In one of [William Dever's] books, he discusses the historicity of the Exodus, and he throws up his hands. From the Jewish viewpoint everyone says it happened; it’s part of our past, part of our history. Somehow or other, it happened. I happen to believe there was some kind of Exodus. But the point I’m making is that the framing of the question, from the Jewish point of view, is very different.”

    It’s an excellent interview, well worth reading. Bart Ehrman [Evangelical Christian to agnostic], William Dever [Protestant to secular agnostic Jew], Lawrence Schiffman [orthodox Jew], James Strange [believing Protestant].

  16. I think the literalistic temptation is best reflected when the scriptures are used to do science or to make scientific claims when there are better interpretations for the explanation of phenomenon. I have no problem seeing them as historical or giving information but there primary use is for spiritual knowledge. Not offering explanations on how the universe works.

    I don’t disagree that the scriptures have a historical basis. Nor am I arguing that that basis is not important. I do disagree that they are there principally for history. For example, the New Testament and the Book of Mormon are not preserved to give us some historical info. They are there to testify of Christ and springboard us into a relationship with him. The historical aspects are just context. The purpose of scripture is in nurturing that relationship.

    And I agree Myths can be true. I’d go so far as to say Fiction can be truer than science. Especially when we speak of existential truths.

  17. Mike Parker says:

    philomytha #2 wrote:

    With the Book of Mormon, though, we are required to embrace literalism. It’s tough to be open to a more symbolic or metaphorical truth when it’s hammered into us that this a literal, factual record of an ancient people.

    There is a difference between, on the one hand, separating the literal and the metaphorical/exaggerated within a text, and, on other the other hand, claiming that the entire text is ahistorical.

    Certainly there are parts of the Old Testament that we can rightly read as metaphor (God didn’t actually bring Israel out of Egypt using giant eagles—Exodus 19:4—and the numbers of Israelites coming out of Egypt are certainly exaggerated), and yet no one would claim that there was no Israelite nation, temple, or prophets, and that the whole thing was made up by scribes in the 1st century B.C.

    Likewise, we can see some of the Book of Mormon as exaggerated (like the numbers of soldiers serving under Mormon—Mormon 6:10–15) and other parts as clearly metaphor (Alma didn’t expect an actual plant to grow from a human heart), while affirming that there were actual, ancient people who wrote these things.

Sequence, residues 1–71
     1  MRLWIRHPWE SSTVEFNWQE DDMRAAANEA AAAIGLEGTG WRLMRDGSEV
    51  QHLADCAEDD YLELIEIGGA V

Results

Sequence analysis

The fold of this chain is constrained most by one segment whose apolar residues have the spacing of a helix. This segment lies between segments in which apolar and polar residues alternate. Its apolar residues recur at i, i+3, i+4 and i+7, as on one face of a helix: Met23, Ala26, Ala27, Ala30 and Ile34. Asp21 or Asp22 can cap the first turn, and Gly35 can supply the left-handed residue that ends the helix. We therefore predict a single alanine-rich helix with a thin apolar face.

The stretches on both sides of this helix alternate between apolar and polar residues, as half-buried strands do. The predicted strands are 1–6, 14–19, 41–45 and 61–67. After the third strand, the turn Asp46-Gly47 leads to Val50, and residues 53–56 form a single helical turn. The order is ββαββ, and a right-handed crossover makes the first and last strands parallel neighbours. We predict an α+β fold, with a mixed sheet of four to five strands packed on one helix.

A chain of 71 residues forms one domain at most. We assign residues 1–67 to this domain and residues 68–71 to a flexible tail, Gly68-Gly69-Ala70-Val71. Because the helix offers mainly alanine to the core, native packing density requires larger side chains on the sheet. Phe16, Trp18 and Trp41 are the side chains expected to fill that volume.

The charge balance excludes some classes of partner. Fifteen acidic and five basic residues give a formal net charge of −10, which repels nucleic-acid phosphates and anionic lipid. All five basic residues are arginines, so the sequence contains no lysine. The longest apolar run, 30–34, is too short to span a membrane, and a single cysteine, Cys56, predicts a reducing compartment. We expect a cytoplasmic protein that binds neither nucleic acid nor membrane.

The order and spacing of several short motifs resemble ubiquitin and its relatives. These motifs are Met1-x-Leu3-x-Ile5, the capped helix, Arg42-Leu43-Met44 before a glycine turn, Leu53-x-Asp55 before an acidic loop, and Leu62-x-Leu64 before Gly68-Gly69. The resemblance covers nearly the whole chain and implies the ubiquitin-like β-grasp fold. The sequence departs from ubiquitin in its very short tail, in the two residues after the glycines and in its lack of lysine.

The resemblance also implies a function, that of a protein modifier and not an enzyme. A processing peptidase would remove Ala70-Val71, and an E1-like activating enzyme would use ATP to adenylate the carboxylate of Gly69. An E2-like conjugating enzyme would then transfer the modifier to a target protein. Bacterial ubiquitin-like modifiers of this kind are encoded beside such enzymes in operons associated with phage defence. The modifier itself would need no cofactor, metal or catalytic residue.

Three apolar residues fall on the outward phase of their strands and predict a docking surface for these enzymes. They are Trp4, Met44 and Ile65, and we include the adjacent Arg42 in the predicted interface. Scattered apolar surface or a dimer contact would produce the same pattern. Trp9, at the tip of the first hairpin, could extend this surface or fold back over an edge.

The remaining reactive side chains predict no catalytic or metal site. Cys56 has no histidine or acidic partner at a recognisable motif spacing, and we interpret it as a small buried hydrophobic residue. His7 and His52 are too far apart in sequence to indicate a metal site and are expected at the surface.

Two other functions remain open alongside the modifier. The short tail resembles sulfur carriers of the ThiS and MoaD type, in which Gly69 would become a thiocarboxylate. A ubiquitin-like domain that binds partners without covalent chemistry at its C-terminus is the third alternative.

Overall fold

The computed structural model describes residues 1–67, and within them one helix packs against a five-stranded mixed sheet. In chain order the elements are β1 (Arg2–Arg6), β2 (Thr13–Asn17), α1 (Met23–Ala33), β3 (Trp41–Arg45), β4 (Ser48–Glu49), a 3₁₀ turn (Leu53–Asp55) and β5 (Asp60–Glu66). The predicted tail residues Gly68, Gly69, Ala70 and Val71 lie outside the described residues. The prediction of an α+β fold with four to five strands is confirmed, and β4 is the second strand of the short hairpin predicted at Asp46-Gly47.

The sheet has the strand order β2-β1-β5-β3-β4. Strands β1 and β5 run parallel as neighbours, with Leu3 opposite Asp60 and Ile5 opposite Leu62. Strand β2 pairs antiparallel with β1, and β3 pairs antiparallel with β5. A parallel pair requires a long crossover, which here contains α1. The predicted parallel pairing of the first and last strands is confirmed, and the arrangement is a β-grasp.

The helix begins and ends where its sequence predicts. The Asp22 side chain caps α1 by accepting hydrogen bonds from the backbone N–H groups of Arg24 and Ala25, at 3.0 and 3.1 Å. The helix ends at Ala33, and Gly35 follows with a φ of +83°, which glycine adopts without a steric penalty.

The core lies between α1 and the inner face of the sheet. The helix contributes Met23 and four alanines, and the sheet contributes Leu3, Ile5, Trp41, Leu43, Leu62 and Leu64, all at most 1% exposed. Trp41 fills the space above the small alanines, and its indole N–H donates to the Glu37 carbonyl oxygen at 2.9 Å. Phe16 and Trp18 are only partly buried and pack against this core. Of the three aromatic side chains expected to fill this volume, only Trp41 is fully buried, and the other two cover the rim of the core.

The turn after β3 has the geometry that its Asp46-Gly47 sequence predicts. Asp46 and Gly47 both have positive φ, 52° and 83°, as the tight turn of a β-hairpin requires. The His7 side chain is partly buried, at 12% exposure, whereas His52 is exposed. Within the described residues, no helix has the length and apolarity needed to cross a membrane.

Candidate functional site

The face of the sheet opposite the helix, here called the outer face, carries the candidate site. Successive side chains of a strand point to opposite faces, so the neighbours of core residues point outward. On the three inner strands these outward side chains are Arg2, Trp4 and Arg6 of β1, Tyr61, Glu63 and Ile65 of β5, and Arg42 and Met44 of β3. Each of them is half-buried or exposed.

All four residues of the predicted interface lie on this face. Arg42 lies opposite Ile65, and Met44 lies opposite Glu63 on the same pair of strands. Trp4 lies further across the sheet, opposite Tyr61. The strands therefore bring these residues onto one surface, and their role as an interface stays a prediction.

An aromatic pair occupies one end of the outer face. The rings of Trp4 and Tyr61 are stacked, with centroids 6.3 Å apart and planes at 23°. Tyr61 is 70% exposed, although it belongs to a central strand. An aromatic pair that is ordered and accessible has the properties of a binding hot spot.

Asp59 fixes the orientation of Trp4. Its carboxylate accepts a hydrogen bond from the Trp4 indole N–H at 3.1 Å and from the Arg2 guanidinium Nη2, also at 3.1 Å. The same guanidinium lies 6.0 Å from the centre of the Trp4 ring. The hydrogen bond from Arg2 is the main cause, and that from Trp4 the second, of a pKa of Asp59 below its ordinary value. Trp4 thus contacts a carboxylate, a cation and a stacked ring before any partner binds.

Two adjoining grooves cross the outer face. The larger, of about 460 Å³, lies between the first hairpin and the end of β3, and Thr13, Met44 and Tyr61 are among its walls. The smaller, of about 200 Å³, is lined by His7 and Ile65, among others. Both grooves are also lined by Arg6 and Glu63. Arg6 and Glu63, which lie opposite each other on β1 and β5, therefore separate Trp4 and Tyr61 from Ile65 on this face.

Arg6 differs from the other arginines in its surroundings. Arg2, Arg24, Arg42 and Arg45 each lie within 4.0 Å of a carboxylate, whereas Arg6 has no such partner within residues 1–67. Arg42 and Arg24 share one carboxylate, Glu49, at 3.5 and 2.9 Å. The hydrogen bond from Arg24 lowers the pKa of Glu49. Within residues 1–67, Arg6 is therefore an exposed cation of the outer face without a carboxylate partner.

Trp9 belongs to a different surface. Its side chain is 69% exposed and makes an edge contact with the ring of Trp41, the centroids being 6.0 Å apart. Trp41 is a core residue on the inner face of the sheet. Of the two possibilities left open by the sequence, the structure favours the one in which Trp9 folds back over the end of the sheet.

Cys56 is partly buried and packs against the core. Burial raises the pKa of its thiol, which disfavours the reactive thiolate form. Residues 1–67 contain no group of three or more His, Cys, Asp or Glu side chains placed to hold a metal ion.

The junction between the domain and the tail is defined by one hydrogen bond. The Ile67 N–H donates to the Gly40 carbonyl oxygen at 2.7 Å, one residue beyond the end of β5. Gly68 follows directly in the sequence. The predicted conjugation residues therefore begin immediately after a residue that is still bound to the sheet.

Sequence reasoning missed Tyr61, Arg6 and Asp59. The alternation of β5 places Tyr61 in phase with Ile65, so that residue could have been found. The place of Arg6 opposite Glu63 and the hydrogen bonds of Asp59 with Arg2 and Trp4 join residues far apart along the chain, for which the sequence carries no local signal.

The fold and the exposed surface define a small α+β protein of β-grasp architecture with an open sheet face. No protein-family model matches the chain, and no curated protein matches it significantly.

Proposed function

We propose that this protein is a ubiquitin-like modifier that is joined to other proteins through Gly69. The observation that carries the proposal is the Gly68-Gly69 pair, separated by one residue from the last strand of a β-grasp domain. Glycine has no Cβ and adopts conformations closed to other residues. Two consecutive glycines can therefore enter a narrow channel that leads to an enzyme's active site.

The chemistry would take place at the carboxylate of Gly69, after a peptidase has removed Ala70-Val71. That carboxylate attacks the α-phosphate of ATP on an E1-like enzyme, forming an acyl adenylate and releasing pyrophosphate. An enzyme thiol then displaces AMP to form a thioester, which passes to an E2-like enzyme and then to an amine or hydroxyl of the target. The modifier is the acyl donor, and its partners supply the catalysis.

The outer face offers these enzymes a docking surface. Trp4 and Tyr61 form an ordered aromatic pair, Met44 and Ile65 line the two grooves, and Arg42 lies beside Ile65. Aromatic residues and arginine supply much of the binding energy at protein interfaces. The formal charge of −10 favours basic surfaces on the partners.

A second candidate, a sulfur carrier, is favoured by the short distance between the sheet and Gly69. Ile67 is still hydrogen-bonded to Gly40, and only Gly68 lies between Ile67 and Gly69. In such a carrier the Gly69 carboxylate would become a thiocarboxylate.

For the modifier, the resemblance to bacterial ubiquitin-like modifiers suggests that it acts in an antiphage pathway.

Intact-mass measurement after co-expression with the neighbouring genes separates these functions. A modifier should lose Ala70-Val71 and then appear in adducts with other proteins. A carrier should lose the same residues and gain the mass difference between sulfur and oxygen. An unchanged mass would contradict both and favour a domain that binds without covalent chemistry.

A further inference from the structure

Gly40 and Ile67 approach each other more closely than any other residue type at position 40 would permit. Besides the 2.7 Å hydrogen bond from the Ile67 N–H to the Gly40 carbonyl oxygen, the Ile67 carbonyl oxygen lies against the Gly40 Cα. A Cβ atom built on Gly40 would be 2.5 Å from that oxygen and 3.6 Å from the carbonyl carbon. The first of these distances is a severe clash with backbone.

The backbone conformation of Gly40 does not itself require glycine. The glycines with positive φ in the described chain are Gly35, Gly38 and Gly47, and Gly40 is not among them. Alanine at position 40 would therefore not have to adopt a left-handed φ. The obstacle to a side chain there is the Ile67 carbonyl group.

The enormous problem with seeing the Book of Mormon as “inspired fiction” is that there was a resurrected ancient prophet who appeared to Joseph Smith and said it was the record of an ancient people. In order to to believe the Book of Mormon is completely fictional, one has to believe that (a) there was an angel Moroni, but he lied to Joseph Smith, or (b) that there was no angel Moroni, and Joseph Smith lied to his followers or was delusional. Now, maybe you’re comfortable with one of those two choices. I’m not.

  18. John Mansfield says:

    I see how some portions of the Old Testament would trigger the “beware of literalism” flag, but other portions seem rather pointed about their factualness. Take the second have of Exodus with its discription of the tabernacle: page after page of shittim wood overlaid with gold and taches and boards and bars and sockets. All so that once completed a cloud could cover it by day and the appearance of fire at night.

    Or how about Gideon of dry fleece/wet fleece fame? That tale asking the angelic messanger for a concrete, physical miracle by which Gideon could know his assignment of liberation was also concrete and physical? What does it mean if it is not literal? Some symbol of a symbol of a symbol thing going on there?

  19. TaterTot says:

    #6 is the truth! I think it doesn’t even cross most Mormon’s minds that everything in the scriptures isn’t literal. All you have to do is go to Sunday school to see that.

  20. The bible in whole may not be intended for literal reading. But I’m not giving up on the idea that God the Father wrestled Jacob, because thats just AWESOME! You can turn The Garden of Eden, The Burning Bush, even The Parting of the Red Sea into mythology. But don’t take my God Wrestled Jacob away from me. I won’t have it!

  21. Mark Brown says:

    SteveP said it, I believe it, that settles it.

  22. When my grandfather died, my sick grandmother was having sever short-term memory problems due to chemotherapy from Hodgkins disease. She could no longer form new memories that lasted the night.